Our Founder

General Choi Hong Hi was born on November 9th 1918. He was a frail child and caused his parents constant anxiety. At the age of twelve he was expelled from school and so his father sent him to study Calligraphy under Mr Ok Nam Han 11 Dong, one of the most famous teachers of Korea. He was also a master of Taek Kyon. Concerned over the frailty of his student, he began teaching him Taek Kyon to build up his body.

In 1937 Choi was sent to Japan to further his education. Here he met Mr Kim and following 2 years of concentrated training attained the level of 1st degree black belt in the art of Karate.

With the outbreak of World War 11, Choi was forced to join the Japanese Army as a student volunteer. Towards the end of the war he received a 7 year prison sentence when he was implicated as the planner of the Korean Independence Movement. Whilst in prison, he began practising and developing his art, mainly to alleviate boredom and keep physically fit, before long he was teaching his fellow cellmates. His 7 year sentence was cut short by the liberation in August 1945.

In January of the following year, Choi was commissioned as 2nd lieutenant in the new South Korean Army. Whilst in the army, Choi began spreading his art, not only to Korean soldiers but also Americans stationed there. Choi rapidly progressed through the ranks of the army and continued to spread his art throughout the world.

April 11th 1955 saw the christening of TaeKwon-Do when General Choi after exhaustive researching, developing and experimenting proclaimed TaeKwon-Do to the world as a completely valid and unique martial art having a basic Korean origin. In 1965, General Choi received approval from the South Korean Government to declare TaeKwon-Do as Korea’s National Martial Art.

On March 22nd 1966, General Choi founded the International TaeKwon-Do Federation in Seoul, Korea with the consent of 9 countries. General Choi continued to promote his art throughout the world until his death on June 15th 2002 at the age of 84.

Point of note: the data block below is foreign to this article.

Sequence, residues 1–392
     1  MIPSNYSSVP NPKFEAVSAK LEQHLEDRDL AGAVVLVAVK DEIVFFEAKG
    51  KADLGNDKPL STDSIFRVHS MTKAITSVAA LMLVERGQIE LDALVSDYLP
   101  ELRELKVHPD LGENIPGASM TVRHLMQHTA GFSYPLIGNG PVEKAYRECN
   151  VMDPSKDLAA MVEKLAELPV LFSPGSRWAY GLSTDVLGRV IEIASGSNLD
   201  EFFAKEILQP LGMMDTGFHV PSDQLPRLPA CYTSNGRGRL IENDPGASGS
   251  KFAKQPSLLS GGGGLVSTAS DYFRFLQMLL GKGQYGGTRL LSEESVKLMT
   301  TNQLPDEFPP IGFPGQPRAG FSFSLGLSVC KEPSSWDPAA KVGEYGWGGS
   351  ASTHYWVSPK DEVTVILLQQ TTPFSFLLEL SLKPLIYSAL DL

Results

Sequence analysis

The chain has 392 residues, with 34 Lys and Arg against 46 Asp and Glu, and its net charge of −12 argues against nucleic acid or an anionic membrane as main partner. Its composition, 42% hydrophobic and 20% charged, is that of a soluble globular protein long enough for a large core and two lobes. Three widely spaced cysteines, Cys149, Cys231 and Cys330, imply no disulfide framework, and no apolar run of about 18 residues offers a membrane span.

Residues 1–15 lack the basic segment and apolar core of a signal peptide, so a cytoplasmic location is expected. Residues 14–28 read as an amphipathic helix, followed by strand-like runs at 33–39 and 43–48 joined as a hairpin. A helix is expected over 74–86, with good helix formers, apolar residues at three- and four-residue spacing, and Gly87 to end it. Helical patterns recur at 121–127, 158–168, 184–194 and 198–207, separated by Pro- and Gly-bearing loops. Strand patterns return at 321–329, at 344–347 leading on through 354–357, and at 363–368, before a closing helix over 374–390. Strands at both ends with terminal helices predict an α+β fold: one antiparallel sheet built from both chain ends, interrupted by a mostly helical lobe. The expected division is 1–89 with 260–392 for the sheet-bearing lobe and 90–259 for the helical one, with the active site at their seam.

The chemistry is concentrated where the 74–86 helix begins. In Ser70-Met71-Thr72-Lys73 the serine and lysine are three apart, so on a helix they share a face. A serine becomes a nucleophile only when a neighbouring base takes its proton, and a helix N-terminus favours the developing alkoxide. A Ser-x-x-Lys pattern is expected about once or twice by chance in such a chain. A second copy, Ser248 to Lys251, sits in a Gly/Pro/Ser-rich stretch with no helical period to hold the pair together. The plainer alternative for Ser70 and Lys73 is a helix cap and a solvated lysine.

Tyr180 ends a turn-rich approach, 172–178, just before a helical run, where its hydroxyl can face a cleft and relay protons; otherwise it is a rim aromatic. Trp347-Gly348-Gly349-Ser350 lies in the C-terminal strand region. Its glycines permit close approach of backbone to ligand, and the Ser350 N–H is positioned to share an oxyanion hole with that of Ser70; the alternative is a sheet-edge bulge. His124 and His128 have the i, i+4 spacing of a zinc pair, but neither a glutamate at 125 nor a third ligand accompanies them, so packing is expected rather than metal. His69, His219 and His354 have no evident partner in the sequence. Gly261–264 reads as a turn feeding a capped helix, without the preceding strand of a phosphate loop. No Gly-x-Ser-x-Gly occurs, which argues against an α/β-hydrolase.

Last Words

The Last Words of General Choi

I am the man who has the most followers in the world. I am the happiest man who has done everything to do in my life. It is fortunate you have come. Is Mr. Chang Ung here?

Mr. Rhee Ki Ha, it is good that you have come. I am glad that my son and daughters like you most. You probably might know Mr. Chang Ung well. It is time to introduce Mr. Chang Ung proudly in public. Please carry on propaganda that Mr. Chang Ung is the tallest and in the highest position in the ITF.

If only I had been as tall as Mr. Chang Ung I could have had less opponents. However, as my body was so tiny that there were many opponents. Thus all alone I could not but fight against them for so long. But I have never been worn out for the justice was on my side. I have always worried about a successor to the president. However, my mind is set at ease for there is Mr. Chang Ung.

Mr. Hwang Kwang Sung, your duty is very big and important as a spokesman, and chairman of the Merger Committee. It was my wish to merge the Taekwon-Do into one. Please get on your own duty responsibly.

Mr. Park Jong Soo had immigrated into Canada in 1967. Before that he educated Taekwon-Do in Europe. In 1972 went to Canada where Mr. Park Jong Soo resided leaving my children behind without informing them. In those days Taekwondo was not widely spread, so that I used to say to crave the words of Taekwon-Do on my coffin. Now Taekwon-Do has developed on a large scale. I love Mr. Tom MacCallum. I have always worried if he might die before me. In case he dies first I have been thinking how to help his family. He has given the special contributions to the ITF. I have no secrets to him. Thank you very much for what you have done. I love you. Mr. Leong Wai Meng is a man of conscience indeed, He has given great contribution to educating the Taekwondo. As I thought his finance is in good condition I drew his name out on the stockholders list of the Chang Hun Foundation.

Mr. Hwang Jin is doing well on the way of Mr. Chon Jin Sik. So I appointed him as a member of the Consultative Committee. Please enlarge the Consultative Committee into 9 members. Here I appoint Mr. Jong Jae Hun.

My followers